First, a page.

The wildlife (bears, moose, whales) is often what draws visitors to Alaska. But the plant life is equally intriguing.
The drive from Anchorage to Seward along Turnagain Arm took us through the Chugach National Forest, the second-largest forest in the U.S. We pulled out at one turnout to explore the forest, and stumbled onto a magical spot, with hundreds of mushrooms, bright red berries, lichen, vivid greens, all overlooking rushing blue waters.
I have a thing for mushrooms - they seem magical to me, popping up here and there after a rain--and this was the most delightful mushroom spot I've ever seen.
I think this might be Flaky Freckle Pelt (above). Other lichens with funky names included Witch's Hair, Fairy Barf, and Old Man's Beard.
Joan photographing the Chugach National Forest (above).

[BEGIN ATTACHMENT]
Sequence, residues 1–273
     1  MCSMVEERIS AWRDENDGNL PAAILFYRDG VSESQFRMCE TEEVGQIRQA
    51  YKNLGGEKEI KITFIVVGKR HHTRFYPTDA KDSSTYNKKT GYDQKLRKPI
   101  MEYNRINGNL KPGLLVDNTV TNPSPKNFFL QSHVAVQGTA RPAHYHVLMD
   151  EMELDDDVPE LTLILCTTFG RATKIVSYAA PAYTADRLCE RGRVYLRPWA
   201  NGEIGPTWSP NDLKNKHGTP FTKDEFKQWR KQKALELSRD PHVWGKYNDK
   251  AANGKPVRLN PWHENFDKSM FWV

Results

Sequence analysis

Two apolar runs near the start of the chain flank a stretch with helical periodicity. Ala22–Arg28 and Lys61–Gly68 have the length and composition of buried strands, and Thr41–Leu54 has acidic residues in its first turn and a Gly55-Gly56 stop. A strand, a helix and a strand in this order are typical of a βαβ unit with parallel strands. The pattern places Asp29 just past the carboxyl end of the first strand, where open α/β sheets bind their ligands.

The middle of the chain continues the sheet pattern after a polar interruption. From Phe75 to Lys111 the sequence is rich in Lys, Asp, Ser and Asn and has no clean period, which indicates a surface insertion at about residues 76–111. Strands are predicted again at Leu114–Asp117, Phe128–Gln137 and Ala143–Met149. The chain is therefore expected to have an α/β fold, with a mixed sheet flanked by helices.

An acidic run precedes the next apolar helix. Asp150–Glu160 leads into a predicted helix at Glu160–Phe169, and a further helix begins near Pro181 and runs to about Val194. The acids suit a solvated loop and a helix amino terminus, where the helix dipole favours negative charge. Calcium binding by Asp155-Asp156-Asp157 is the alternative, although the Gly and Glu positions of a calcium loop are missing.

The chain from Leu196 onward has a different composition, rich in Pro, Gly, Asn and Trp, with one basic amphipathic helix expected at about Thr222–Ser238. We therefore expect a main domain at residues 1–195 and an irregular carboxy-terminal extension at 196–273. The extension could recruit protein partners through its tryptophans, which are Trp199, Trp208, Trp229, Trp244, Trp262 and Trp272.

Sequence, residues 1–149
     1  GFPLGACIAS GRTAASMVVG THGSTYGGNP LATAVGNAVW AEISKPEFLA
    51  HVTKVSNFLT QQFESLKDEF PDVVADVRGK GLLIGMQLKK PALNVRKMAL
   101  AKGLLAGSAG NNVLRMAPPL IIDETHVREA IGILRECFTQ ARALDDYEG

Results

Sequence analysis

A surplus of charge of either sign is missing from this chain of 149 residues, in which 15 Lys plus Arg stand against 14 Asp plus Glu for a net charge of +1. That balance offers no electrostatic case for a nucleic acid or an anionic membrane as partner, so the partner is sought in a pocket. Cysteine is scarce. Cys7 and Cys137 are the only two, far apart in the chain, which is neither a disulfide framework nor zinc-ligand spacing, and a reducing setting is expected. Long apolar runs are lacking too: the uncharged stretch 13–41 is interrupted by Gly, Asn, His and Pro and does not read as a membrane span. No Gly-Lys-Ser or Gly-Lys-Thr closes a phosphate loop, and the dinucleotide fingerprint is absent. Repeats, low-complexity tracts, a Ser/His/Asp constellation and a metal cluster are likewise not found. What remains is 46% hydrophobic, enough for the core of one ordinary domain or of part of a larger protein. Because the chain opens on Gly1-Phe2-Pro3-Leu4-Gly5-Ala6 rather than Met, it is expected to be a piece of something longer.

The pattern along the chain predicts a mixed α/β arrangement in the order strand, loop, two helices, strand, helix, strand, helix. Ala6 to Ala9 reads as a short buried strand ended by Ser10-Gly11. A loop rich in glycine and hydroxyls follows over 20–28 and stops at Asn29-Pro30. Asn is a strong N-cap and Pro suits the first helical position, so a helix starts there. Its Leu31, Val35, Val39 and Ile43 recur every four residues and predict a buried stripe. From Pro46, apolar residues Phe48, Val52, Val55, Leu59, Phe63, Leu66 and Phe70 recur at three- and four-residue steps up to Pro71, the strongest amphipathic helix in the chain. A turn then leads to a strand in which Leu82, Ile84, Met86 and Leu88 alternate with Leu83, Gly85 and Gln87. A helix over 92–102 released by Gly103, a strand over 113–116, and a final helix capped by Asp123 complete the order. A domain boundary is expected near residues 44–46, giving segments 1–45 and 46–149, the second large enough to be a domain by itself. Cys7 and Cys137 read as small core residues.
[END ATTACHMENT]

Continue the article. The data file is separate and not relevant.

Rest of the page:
I think this (above) was somewhere near Sixmile Creek/Gulch Creek area, but we crossed so many creeks, I lost track.
Further south, colorful flowers complemented the Kachemak Bay Overlook.
The last of the fireweed bloom (above) in Homer.
Birches, aspens and spruce were the most common trees.
Periodically, we would see clumps of what looked like blackened spruce trees. We never did figure out what was going on with these - was it a fungus? Had they been destroyed by a fire? Is this their normal state once they die off? Whatever the cause, I loved the dramatic effect of black stalks against the sky.